Moreover, she knew the children would be safer at the market than traipsing up and down the streets.
She contacted the National Association for the Advancement of Colored People, which sent a three-person team from Columbus to check out the market and the Thomas farm. When she got a booth in 1952, she discovered something: “They had a whole bunch of stalls they weren’t even using.”
For a time, she and Mr. Thomas would situate the children and bushels of vegetables and even chickens at the stall, then drive their route, selling through the neighborhoods that had come to know them. The kids became savvy at weighing, selling, making change, and thanking customers.
“And they did good in school from doing that stuff.”
The market, open three days a week, was always crowded. She’d pick and load bushels on Monday, Wednesday, and Friday for market on Tuesday, Thursday, and Saturday.
“When he [Mr. Thomas] found there was some money in it, we got another tractor.” He had a booming laugh that rang through the aisles, says Carolyn Witt, who sells fruit at the market. And he’d embarrass Mrs. Thomas by hollering out her pet name, Poopsie. “I said, ‘Don’t be doing that!’?” When he got dementia, she cared for him. He died in 2008.
“We had a nice life together; Bahamas, went on a cruise with the two young ones.”
She and her husband had expanded the house and put three roofs on themselves. In winter, when pipes to the septic tank froze, they’d heat water in the kitchen and pour it on the pipes. Eventually, the one-story place needed $50,000 worth of work.
“It was raining outside and leaking inside.”
When they learned about modular homes, they inquired, and their credit was good enough to get one on their Eber Road property 13 years ago. The old place was demolished.
It’s cozy, full of photos, jars of clove-scented pear preserves on the kitchen counter, and good things on the stove. “Push a button, I got air. Push a button, I got heat.” It’s tidy, despite her relationship with domestic maintenance: “I hate housework.”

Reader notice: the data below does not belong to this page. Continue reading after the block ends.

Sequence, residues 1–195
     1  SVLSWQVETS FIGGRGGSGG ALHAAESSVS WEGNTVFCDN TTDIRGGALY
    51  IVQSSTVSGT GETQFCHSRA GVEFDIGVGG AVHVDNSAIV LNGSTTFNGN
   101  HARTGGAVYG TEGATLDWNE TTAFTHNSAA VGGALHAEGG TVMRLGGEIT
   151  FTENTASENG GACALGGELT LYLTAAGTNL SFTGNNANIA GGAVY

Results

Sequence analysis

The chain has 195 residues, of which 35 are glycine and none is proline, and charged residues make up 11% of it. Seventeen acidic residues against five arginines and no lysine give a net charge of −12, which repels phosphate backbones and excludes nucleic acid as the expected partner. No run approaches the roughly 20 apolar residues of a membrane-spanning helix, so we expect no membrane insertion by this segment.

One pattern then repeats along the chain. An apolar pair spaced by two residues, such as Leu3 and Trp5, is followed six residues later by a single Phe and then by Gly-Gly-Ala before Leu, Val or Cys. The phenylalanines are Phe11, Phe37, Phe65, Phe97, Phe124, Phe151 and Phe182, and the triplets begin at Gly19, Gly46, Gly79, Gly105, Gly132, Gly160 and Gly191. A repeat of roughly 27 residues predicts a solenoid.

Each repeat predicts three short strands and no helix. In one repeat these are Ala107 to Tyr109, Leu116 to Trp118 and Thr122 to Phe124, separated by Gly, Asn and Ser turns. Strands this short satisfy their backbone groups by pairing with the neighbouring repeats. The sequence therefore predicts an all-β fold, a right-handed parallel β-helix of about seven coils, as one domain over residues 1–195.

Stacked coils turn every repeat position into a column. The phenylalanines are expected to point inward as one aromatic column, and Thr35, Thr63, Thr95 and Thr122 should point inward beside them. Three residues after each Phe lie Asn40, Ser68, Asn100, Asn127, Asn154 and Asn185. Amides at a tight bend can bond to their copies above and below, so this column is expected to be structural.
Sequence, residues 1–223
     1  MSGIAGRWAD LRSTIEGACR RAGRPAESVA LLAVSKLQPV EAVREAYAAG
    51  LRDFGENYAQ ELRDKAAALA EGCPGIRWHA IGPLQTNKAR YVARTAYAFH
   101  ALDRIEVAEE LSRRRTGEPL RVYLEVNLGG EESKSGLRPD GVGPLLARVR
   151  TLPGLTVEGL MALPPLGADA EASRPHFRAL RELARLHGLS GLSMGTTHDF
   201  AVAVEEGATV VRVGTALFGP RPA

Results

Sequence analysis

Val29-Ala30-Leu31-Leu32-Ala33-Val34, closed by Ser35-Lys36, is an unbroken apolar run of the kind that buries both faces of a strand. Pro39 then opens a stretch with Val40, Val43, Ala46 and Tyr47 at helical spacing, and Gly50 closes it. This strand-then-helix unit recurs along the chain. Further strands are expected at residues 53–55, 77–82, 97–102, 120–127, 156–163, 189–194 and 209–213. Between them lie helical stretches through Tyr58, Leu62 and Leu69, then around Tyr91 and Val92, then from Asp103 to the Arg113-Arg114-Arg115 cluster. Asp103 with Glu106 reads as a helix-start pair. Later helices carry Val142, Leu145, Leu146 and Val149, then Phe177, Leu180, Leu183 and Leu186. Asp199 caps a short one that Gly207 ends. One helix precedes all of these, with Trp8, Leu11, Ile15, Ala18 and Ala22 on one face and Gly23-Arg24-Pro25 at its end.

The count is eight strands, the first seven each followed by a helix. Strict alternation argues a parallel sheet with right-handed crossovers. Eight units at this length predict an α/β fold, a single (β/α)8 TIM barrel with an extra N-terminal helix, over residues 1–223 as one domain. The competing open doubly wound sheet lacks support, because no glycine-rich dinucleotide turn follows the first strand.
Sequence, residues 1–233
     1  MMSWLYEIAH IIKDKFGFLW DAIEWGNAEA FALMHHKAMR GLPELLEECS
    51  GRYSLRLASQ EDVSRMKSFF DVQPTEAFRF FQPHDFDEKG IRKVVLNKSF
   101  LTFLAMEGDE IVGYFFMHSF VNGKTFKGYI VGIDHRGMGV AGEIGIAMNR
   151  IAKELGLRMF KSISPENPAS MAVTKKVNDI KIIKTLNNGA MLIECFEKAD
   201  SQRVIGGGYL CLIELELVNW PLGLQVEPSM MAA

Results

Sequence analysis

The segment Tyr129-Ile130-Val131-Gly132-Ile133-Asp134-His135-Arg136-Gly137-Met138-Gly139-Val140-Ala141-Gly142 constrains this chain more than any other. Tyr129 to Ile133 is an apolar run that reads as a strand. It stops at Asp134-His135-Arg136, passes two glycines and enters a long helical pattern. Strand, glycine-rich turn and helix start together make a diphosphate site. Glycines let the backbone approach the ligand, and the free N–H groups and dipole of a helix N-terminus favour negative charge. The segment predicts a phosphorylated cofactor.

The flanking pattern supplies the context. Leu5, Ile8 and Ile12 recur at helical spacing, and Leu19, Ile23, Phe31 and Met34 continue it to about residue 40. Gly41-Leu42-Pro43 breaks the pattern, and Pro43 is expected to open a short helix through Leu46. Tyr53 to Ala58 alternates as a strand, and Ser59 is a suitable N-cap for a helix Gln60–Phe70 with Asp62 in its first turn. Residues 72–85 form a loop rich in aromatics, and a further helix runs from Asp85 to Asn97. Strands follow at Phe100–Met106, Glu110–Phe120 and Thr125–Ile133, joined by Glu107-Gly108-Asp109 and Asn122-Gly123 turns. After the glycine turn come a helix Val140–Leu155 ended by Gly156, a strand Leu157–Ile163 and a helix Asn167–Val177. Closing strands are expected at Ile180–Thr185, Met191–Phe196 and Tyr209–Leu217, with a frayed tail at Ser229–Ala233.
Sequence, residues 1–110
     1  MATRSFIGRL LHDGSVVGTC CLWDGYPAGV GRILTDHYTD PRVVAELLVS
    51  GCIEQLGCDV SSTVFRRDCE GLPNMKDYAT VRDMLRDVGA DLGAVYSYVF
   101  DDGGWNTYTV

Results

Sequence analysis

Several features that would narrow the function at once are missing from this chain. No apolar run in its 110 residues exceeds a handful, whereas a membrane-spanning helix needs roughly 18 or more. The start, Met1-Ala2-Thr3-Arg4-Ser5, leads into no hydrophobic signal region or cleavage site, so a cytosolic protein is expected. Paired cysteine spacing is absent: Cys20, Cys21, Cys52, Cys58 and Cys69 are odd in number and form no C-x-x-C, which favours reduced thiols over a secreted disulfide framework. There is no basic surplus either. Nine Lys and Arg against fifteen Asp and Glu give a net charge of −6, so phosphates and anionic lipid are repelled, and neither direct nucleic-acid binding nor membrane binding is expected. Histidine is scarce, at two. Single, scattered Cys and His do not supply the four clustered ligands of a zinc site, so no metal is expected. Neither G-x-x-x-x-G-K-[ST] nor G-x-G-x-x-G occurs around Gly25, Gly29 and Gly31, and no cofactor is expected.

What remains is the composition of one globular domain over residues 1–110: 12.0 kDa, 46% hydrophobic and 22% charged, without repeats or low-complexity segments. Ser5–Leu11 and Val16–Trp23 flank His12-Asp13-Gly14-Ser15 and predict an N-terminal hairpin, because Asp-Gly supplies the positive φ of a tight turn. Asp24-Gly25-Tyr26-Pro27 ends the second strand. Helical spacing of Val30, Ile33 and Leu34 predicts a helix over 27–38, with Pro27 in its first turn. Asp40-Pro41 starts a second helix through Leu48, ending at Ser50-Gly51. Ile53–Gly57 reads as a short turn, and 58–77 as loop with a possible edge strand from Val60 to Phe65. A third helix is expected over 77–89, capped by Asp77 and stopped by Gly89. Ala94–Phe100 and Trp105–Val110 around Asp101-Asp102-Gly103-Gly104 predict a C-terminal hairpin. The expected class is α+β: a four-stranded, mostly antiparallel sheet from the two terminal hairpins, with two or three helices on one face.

It’s the outdoors that’s won her heart.
She had several miscarriages, two stillbirths, and gave birth to two children after she turned 40. Six surviving offspring range from 48 to 71.
“They’re all good cooks and good workers. That’s the way I trained them.”
Most are retired: One’s a nurse, two were nurses, one is a school psychologist with a doctoral degree, one was a mechanic, and another, a grocery-store cashier. They’ve given her 14 grandchildren, 27 great-grandchildren, and two great-great-grandchildren. None wants to farm.
Come spring, she and Ella will sow seeds, and when the long Kentucky Wonder beans, tomatoes, and sweet potatoes mature, they’ll pile them on the old self-serve wagon in front of her home. There’s a scale for weighing, a sign listing prices, and a small money box.
She’ll miss the market, the farmers, and telling customers how to cook what she grows, but she’ll be able to pace herself in the garden without having to cut, wash, and load boxes into the ‘94 Dodge step van every Friday. She’ll still be in the field, bending at the waist.
“You get up early in the morning and the birds go ‘Cheep! Cheep! Cheep!’ The trees is bowing their heads at you. It’s a nice time. Good morning, trees! Good morning, world!”
Contact Tahree Lane at: email@example.com or419-724-6075.